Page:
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Wood Bank and Hunters for the Hungry

October 2, 2013

Arizona – Wednesday, September 25

I drove down to Flagstaff last night, and this morning we set out to explore. I headed for the historic part of downtown Flagstaff, along the old Route 66. I stopped at the visitor center, which is right in the old train station, and is still used by passenger trains. A lot of freight trains come through too. Tula and I set out for a walk, and when she’d had enough, I continued on a bit more, and ended up covering 3 miles. Then I stopped for a big hotdog from a street vendor that had lots of people lined up his cart. I stopped by the post office and wrote out another set of post cards, and by then it was 1:00, and the Northern Arizona Food Bank in Flagstaff opened.

The food pantry has a lot of different programs, and I was intrigued by 2 of them, and I wanted to make a donation to each of them. The first one was a “wood bank” for people who heat their homes with wood, and the other program was Hunters for the Hungry where hunters can get extra game for the needy. I went inside the building and met Kerry, the executive director. He told me about the many programs that the food pantry is part of and showed me around. We went out back to look at all the wood. I hadn’t run across a wood bank before, and to do so in Arizona puzzled me at first – in my mind the southwest is always warm, but that certainly isn’t the case! Kerry told me northern Arizona can get cold in the winter and Flagstaff had an unusual amount of snow last winter. Flagstaff also borders a large Indian reservation, and many of the people who live on it rely on wood for cooking and heating, and wood is not a plentiful commodity. Many of them live so far out in the desert that it’s not practical for natural gas, and some of them live in traditional hogans and propane isn’t the best choice either. So wood is a necessity, and many volunteers cut and split wood – even the local prison fire fighting crew! There were about 120 cords of wood already split in preparation for the upcoming colder weather, and over the years since the wood bank was implemented, they’ve given away nearly 4 million pounds of split fire wood. I was so interested in the wood program I didn’t hear as much about the Hunters for the Hungry program, but it’s a wild game recovery program that has provided more than 174,000 meals of elk and venison since 2001. So I made a donation to each of those programs since I really liked both of them.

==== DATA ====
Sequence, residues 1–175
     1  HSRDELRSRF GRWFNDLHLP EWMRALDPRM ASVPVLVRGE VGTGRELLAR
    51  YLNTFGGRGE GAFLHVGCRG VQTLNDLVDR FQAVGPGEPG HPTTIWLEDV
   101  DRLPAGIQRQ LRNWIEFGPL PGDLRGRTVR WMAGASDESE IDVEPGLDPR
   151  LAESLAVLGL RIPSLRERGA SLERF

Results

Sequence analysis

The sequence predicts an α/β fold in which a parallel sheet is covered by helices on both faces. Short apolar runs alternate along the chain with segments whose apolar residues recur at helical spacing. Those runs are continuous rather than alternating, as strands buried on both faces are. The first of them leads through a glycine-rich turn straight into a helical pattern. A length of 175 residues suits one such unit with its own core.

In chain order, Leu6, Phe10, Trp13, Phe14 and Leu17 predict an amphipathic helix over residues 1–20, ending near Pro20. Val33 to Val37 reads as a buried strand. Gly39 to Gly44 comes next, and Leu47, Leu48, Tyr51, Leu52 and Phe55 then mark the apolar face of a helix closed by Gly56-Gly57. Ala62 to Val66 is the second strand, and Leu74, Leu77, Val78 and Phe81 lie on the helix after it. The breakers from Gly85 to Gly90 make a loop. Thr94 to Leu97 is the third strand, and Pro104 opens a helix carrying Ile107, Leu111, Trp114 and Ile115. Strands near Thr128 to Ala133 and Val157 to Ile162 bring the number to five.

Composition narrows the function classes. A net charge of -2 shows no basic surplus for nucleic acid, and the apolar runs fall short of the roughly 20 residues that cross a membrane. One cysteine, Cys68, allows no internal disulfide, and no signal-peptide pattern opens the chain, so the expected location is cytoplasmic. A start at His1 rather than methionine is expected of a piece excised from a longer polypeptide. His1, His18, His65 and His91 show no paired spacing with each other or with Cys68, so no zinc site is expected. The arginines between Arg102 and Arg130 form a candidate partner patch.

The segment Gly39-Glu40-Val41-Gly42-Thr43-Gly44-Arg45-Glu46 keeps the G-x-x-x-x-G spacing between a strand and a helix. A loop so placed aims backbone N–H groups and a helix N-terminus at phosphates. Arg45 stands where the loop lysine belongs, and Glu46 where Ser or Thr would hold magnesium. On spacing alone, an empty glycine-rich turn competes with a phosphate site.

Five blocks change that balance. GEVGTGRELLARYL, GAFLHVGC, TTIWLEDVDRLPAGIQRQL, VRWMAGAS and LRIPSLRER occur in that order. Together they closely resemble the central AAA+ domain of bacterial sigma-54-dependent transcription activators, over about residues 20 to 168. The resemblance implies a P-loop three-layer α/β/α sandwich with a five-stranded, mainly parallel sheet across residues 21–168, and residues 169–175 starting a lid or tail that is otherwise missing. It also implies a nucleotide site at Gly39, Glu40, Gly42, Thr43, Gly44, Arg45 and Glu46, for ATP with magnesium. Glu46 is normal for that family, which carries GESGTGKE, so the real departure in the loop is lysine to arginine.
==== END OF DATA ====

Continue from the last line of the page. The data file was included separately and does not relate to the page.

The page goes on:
And then I was off to the Grand Canyon. It was about an hour and a half away, and I stopped along the way to walk Tula along a mile-long wildlife path out in all the pine trees. This part of Arizona is really pretty with meadows and lots of big ponderosa pine trees. On the other side of the road from the wildlife trail was a tiny little chapel in the woods – they’re always so unexpected and peaceful to run across. It was late afternoon by the time I got to the Grand Canyon, but at least by then the crowds had begun to thin. As I went through the entry station (it costs $25 to get in – my annual national park pass has been a wonderful thing to have!) there were flyers posted urging people to use caution while visiting the park. The rangers have to rescue an average of 250 people from the depths of the canyon every year, and most of them are fit young men. I had just enough time to stop in the visitor center to ask about good walks, and the ranger said the rim walk would be a good one. And Tula could go on part of that one. We headed over to the rim, and the first view of the canyon just about takes one’s breath away – it’s awesome. And it was fun to hear similar reactions from other people coming up behind me. There were lots of foreign people there – I heard a lot of people speaking French, and others speaking eastern European languages. There are a couple big observation areas that are fenced in, and Tula and I went down to those to admire the view. After a while I put her back in the van, and started off along the rim trail. Beyond the initial observation areas, there were no fences or guard rails or anything, and there were quite a few outcroppings to step out and get good views, yet it never seemed scary or dangerous. My photos just can’t do it justice. People were starting to find good perches to watch the sunset, and I stopped to watch the sunset too. I didn’t know which way to look – to the west to see the sun go down, or to the east where the setting sun turned the canyon rocks fiery red. Once the sun was down, I continued my way along the rim walk in the pretty post-sunset light. After I’d walked a couple miles, it was time to turn around so I could get back before it was totally dark. By then, there were only a few people still out walking, and I had long stretches of the rim walk all to myself – it was just me and the canyon and the wind, and then the stars began to come out. It was spectacular. There was a little sign that explained how the Colorado River continues to carve out the canyon – at the rate of one thickness of paper a year. That description really helps make one sort of understand how long it’s taken to make the canyon as deep as it has. It was an incredible thing to see, and I’m so glad I had the time to drive up and see it. Altogether I walked 4 1/2 miles there. The Grand Canyon “village” was a mile or 2 away, and I drove over there and stopped by the cafeteria to get a dinner to go, which I enjoyed as I started the drive back to Flagstaff.

































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One Comment
  1. I’m so glad you were able to get into that national park before the govt shut down; and I pray they will resolve their differences so that you won’t encounter any “closed due to shut down” signs during the rest of your trip.

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